LISA: I agree. Intimacy is so important, and we’re drifting away from the very people we’re closest to. It seems like so many people are carrying around bad feelings. Surely, no one enjoys feeling cranky and annoyed, nor taking the brunt of someone else’s anger. Even sarcastic comments can feel like mean-spirited attacks. How do we stop a hurtful cycle like this?
ROBIN: There is a cultural bias to blame our partner for our happiness, but think back- what version of yourself did you initially bring to the relationship? How are you altered positively for knowing him/her? What can you do to create a more inspired you in this moment? Anger is a normal emotion, and culturally we tend to suppress it. People are entitled to bad moods, and we all benefit when we learn not to take them personally. Though tempting, it is not healthy to blame your partner for setting the tone of the day due to her/his mood. It creates a victim narrative, and victims give power to the victimizer. Allow them the space to feel what they feel without making them wrong. The love and friendship bond increases when we learn to love our partner’s ugly bits and not just their strengths. This can be especially difficult if you have little space for your own shortcomings.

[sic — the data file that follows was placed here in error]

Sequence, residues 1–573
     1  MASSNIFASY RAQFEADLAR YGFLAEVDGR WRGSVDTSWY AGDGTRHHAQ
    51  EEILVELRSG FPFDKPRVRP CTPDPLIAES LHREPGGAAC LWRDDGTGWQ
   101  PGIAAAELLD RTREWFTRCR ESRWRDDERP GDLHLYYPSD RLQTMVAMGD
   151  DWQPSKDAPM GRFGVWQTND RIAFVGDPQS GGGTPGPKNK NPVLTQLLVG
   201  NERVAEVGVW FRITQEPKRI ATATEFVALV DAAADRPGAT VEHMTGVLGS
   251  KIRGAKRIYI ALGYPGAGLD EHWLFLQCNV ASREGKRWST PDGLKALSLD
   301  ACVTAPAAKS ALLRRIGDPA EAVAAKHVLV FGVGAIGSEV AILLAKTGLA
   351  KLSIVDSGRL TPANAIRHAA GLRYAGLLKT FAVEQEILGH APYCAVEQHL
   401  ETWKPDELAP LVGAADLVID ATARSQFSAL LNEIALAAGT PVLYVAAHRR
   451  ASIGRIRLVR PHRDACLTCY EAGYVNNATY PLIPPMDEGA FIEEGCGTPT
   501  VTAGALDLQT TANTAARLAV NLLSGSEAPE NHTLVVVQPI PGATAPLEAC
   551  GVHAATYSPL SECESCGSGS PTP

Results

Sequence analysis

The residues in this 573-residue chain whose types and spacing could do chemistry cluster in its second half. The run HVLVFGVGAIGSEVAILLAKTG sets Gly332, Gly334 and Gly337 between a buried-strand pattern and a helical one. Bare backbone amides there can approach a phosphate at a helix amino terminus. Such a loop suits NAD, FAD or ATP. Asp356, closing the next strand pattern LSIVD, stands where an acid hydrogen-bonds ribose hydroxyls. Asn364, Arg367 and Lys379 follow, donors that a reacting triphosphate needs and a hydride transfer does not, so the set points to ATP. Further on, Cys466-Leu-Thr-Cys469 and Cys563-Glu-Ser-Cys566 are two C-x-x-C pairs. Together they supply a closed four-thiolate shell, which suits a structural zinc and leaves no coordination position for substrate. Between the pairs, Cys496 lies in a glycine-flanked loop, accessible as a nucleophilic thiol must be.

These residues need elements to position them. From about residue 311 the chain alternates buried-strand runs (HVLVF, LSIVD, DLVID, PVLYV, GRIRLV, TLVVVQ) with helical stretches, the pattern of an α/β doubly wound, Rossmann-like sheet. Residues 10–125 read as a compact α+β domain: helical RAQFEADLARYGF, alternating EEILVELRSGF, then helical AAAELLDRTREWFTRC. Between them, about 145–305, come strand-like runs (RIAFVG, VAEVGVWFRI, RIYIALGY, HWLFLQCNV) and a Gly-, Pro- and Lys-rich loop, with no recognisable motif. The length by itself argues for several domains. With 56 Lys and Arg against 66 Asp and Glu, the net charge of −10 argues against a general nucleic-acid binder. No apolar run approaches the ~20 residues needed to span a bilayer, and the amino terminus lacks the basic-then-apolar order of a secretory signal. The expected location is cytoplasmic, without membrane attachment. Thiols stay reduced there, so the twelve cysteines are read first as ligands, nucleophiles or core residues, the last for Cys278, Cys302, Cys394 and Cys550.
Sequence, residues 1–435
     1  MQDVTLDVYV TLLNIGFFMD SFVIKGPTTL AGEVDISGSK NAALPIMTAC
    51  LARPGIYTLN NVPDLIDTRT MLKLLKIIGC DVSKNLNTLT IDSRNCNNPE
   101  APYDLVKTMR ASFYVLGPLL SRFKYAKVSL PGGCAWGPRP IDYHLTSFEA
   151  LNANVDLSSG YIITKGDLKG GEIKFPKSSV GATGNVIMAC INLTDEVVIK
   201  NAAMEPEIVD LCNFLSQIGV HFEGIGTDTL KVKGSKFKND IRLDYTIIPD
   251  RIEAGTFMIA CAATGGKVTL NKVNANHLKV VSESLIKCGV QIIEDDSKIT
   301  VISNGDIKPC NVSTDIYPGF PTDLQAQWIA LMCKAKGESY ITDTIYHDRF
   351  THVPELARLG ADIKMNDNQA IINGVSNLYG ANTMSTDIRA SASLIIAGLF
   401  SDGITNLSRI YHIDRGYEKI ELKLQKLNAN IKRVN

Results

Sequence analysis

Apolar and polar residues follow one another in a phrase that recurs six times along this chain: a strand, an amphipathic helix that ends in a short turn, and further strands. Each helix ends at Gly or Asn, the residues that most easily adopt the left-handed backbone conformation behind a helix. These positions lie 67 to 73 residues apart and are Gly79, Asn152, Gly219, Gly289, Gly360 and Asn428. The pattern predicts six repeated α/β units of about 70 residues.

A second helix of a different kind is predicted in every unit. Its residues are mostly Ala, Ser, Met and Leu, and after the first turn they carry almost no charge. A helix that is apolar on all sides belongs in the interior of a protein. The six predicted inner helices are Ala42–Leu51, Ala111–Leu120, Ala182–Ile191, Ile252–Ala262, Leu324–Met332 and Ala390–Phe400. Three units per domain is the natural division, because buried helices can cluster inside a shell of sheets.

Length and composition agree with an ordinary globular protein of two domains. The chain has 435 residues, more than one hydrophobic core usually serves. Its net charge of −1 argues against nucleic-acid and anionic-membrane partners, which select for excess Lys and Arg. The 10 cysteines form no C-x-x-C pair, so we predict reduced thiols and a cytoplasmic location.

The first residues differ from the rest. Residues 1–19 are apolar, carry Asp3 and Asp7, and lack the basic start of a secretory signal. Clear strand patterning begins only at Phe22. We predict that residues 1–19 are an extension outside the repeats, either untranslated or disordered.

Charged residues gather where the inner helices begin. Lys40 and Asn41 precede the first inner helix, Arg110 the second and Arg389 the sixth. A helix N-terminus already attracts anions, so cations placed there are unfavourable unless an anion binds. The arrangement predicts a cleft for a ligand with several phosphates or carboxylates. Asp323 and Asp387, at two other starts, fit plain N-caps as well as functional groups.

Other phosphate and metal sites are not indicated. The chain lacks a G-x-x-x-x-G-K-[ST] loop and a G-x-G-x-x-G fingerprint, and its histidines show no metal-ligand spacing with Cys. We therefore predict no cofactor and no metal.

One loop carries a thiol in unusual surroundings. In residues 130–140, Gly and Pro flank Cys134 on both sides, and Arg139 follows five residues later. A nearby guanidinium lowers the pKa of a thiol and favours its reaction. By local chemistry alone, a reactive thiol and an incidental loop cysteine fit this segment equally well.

LISA: Yes, little space... literally. Clearly, though, I see that the move toward positive togetherness starts in our own minds. Is there something simple that we can do when we catch ourselves in our own negativity? Something to ‘snap’ us out of it?
ROBIN: Negative emotions are our teachers― when we listen and understand them. A recurring negative emotion has a remedy, likely an action you can take to diffuse it. Use your emotions to identify when you are on-track or off-course. Remember, the brain is a problem-seeking mechanism. The primitive amygdala brain is always scanning the environment for threats. Without an inspiring focal point in your life, it will revert to petty issues to engage itself. Give your brain a puzzle worthy of your life force! It may be: how do I get my fashion line in the USA, what will it take for me to write my screenplay, or how do I raise $100,000.00 for my favourite charity? The brain loves puzzles that invite discovery and creation of a higher level of self.
LISA: To stay focused on your own learning and growth is the best advice. Thank you, Robin. Now we know to try not to take things personally, give our partner more space to ‘be,’ and focus our attention on our partners' positive attributes and ourselves. There is a road to relationship recovery.
Robin H-C is a behaviourist and author of the best-selling book series Life’s in Session!
She lives in Creemore, Ontario.
Lisa Taggart is a freelance writer and editor from Richmond Hill, Ontario, who enjoys curiosity and the answers found through it.